SYDNEY – Novak Djokovic beat Rafael Nadal and then went back on court within an hour and won the deciding doubles encounter to secure Serbia’s victory over Spain in the inaugural ATP Cup final.
Second-ranked Djokivic had a 6-2, 7-6 (4) win over top-ranked Nadal on Sunday night to level the final after Roberto Bautista Agut had given Spain a 1-0 lead by beating Dusan Lajovic 7-5, 6-1 in the first singles match.
After extending his lead to 29-26 in career head-to-heads with Nadal and extending his supremacy over the Spaniard on hardcourts, he combined with Victor Troicki in a 6-3, 6-4 win over Pablo Carreno Busta and Feliciano Lopez.
Nadal, who hasn’t beaten Djokovic on a hard surface since the 2013 U.S. Open final, withdrew from the doubles match, citing fatigue. Lopez got the late call-up for the crucial doubles match.
“I have been playing a lot of tennis the last couple of days. My level of energy is a little bit lower than usual, because I played long yesterday, very long before yesterday, very long in (Perth),“ Nadal said. “So is a team decision, and we believe in our team. That’s why we had success in the past, because we were able to give the confidence to the rest of the players, and we give the confidence to Feliciano and Pablo.“
After playing six singles matches and two doubles matches in 10 days – on both the west and east coasts of Australia – less than two months after guiding Spain to the Davis Cup title in Madrid, Nadal urged the International Tennis Federation and the ATP to negotiate to form one world team championship.
“I think (ATP CUP) is a great competition, but at the same time – I can’t change my mind that two World Cups in one month is not real. So is not possible,“ he said. “So we need to find a way to fix it and we need to find a way to make a big deal with ITF and ATP to create a big World Team Cup competition, not two. I think that’s a confusion for the spectators, and we need to be clear in our sport.“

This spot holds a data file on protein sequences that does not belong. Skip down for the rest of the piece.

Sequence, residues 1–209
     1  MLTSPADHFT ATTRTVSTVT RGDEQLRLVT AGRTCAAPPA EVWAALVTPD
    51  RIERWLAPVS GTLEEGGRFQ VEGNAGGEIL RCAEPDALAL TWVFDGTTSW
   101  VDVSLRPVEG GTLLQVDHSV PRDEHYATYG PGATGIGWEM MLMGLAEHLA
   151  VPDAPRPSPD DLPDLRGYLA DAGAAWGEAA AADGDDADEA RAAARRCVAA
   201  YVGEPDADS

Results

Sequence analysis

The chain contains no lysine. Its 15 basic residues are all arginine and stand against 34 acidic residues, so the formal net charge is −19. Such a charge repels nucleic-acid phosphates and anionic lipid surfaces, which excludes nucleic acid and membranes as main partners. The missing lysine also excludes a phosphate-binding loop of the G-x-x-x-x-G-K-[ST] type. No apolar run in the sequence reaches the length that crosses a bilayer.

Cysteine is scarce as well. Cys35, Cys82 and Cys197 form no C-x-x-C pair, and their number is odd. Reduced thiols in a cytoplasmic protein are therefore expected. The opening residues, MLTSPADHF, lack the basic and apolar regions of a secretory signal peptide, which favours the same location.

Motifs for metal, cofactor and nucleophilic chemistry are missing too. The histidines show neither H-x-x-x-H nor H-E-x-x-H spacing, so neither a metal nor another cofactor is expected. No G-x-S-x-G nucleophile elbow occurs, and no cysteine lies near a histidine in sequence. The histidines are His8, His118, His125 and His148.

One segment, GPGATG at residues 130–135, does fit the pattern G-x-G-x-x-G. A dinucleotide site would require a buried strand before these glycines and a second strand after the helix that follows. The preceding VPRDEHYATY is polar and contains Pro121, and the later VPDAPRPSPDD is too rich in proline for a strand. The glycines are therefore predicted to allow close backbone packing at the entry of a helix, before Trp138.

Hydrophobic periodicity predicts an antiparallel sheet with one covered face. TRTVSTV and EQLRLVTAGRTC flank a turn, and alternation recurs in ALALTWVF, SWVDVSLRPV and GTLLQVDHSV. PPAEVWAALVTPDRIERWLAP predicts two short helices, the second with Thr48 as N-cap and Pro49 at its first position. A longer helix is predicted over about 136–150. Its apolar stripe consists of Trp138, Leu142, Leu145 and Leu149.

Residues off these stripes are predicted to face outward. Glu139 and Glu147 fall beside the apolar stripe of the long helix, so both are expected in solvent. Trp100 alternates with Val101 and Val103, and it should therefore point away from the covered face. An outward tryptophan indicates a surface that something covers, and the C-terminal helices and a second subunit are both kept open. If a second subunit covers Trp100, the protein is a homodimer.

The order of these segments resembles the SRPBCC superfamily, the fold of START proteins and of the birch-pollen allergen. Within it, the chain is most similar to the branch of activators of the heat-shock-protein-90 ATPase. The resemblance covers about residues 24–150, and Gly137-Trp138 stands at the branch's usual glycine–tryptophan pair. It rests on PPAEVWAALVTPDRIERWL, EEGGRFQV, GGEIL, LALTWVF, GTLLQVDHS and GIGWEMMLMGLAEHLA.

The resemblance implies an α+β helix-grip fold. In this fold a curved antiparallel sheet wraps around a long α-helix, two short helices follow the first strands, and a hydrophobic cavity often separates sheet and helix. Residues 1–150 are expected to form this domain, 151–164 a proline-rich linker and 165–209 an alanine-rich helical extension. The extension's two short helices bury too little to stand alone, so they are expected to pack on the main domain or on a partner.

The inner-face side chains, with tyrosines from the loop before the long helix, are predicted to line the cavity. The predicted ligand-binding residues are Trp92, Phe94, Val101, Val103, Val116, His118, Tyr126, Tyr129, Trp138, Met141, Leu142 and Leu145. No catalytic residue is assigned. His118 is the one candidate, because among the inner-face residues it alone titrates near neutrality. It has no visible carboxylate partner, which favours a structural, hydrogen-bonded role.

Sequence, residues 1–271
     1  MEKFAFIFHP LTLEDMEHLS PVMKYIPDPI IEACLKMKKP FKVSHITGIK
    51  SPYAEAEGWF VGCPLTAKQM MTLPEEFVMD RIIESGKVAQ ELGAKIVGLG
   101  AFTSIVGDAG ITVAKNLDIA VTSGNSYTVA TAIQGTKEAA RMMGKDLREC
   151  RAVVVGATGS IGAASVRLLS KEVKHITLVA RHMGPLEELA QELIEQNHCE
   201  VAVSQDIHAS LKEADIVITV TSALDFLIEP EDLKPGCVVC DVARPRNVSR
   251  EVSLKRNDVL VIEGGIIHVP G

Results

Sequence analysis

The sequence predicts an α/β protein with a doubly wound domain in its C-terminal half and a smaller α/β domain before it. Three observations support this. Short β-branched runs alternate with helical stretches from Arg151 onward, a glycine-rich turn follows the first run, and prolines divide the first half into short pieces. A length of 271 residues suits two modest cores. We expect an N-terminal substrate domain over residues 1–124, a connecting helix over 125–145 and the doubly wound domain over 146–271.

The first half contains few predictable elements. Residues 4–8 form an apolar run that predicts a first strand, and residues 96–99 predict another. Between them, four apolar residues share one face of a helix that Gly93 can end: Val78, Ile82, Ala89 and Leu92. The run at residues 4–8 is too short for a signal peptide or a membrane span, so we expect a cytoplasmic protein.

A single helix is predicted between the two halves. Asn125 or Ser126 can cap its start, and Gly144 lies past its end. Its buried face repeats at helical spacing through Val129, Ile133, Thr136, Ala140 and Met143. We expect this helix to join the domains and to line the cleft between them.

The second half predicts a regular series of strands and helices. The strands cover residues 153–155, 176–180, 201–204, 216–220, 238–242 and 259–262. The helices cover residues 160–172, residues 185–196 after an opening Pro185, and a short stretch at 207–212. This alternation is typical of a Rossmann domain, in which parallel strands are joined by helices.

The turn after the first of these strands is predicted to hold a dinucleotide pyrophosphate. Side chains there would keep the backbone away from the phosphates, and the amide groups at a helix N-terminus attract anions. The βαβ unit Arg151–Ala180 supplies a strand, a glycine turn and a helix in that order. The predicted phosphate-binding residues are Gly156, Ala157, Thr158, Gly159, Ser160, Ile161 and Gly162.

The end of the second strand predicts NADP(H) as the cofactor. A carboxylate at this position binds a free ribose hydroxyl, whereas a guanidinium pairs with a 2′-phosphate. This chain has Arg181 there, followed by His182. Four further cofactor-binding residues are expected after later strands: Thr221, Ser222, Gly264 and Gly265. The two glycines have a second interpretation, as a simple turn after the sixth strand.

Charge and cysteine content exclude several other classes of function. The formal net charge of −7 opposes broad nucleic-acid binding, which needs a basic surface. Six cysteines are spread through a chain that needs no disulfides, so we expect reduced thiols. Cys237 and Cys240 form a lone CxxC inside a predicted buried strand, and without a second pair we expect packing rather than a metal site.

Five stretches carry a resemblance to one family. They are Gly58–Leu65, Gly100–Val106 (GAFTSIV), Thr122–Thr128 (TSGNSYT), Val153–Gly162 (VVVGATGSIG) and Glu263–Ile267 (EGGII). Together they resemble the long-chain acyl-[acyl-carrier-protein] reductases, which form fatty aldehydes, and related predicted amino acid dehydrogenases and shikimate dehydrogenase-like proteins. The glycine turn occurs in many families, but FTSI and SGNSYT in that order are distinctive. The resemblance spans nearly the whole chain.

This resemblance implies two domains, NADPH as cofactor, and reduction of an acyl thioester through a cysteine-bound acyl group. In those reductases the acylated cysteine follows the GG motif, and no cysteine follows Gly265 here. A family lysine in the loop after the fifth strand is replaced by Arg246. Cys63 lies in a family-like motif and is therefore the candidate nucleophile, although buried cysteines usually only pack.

Spain’s early lead put extra pressure on Djokovic, a seven-time Australian Open champion, to keep Serbia in contention. He hadn’t lost a singles match at the new 24-team tournament, and started like losing wasn’t a consideration.
“We get to play a lot of exciting points. There were some incredible exchanges today,” Djokovic said. “I started off the match, perfectly, really. Everything worked for me. Serve got me out of trouble in the second set.”
He broke Nadal’s serve in the opening game, which lasted eight minutes and included two requests from the umpire to the crowd to keep quiet during the service motion.
Djokovic held for a 2-0 lead, the game going to deuce, and then didn’t concede a point on serve for his next three games, closing the set in 39 minutes with three straight aces.
Nadal, meanwhile, was struggling to hold, with Djokovic typically relentless with his returns. After Nadal was broken for the second time, in the seventh game, he went to the chair umpire in the changeover, likely about the noise during his service swing, and held his thumb up to the crowd as he walked back to his team zone.
The Spaniard found his range on serve in the second set, though, conceding just a point in each of his first three service games. He had also had a huge opportunity to go up a break in the sixth game, but was unable to convert five chances as Djokovic rallied from 0-40 to hold.
Djokovic then had two breakpoints in the 11th game, which would have given him the chance to serve for the match, but Nadal rallied from 15-40 to hold and it was almost inevitable that the set finish in a tiebreaker.
Djokovic had a nervy start, serving a double-fault to fall behind 2-1, but after his forehand clipped the net and landed in to level the tiebreaker, he started to gain control. From 4-4, he won every point, starting the roll with a backhand winner down the line and finishing off when Nadal netted on match point.
The crowd at Ken Rosewall Arena, chanted Serbia, Serbia and Serbia, Nole, Nole, Nole.
A little after 1 a.m. local time Monday, they were cheering for their champions again.
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